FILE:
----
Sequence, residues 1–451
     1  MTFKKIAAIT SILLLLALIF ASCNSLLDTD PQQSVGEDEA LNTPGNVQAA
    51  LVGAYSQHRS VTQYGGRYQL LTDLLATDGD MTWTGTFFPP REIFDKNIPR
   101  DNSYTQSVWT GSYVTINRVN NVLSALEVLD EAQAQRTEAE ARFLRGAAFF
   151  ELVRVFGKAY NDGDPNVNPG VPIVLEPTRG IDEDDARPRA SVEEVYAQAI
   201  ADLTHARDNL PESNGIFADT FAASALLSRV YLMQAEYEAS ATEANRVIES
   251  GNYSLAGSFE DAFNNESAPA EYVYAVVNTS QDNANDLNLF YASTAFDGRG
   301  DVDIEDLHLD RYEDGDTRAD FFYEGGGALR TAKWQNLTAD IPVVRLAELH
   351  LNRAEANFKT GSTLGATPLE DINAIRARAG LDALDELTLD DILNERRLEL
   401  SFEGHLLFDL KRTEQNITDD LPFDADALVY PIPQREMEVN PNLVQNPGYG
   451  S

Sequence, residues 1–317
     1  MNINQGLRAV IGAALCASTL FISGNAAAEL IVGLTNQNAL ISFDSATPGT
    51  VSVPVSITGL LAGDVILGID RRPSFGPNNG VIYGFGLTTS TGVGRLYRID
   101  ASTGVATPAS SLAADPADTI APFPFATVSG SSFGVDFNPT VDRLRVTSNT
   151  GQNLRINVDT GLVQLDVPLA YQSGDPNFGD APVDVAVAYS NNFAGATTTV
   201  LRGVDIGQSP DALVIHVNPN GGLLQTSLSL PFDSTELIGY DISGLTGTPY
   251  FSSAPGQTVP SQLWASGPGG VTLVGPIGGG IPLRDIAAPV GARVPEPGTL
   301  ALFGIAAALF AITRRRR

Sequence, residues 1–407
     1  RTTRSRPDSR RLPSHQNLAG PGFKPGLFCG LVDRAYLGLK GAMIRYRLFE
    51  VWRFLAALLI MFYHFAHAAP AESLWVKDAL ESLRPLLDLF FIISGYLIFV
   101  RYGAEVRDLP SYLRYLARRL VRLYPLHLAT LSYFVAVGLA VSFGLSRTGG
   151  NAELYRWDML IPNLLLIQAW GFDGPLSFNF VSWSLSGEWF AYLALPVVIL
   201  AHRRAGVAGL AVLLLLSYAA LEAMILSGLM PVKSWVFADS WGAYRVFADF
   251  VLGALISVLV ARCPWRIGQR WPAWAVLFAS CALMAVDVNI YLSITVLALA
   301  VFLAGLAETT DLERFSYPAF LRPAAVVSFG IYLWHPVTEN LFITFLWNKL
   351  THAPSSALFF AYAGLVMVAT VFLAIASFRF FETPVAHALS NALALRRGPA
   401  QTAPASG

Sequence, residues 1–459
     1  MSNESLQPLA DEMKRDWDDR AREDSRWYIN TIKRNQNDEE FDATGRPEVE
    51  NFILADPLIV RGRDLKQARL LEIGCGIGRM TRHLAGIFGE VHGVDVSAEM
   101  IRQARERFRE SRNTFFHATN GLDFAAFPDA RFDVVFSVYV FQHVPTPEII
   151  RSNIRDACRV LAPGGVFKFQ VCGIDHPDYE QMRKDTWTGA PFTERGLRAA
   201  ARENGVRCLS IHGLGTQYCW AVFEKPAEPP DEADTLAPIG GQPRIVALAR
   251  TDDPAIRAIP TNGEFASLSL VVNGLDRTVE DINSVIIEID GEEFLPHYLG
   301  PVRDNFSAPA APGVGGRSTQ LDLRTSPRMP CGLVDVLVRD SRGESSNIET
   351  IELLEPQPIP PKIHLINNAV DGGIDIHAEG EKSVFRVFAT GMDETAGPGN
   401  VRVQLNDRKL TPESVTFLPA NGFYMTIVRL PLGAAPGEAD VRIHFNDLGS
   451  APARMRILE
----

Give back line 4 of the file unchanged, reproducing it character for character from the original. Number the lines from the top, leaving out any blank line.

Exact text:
   101  DNSYTQSVWT GSYVTINRVN NVLSALEVLD EAQAQRTEAE ARFLRGAAFF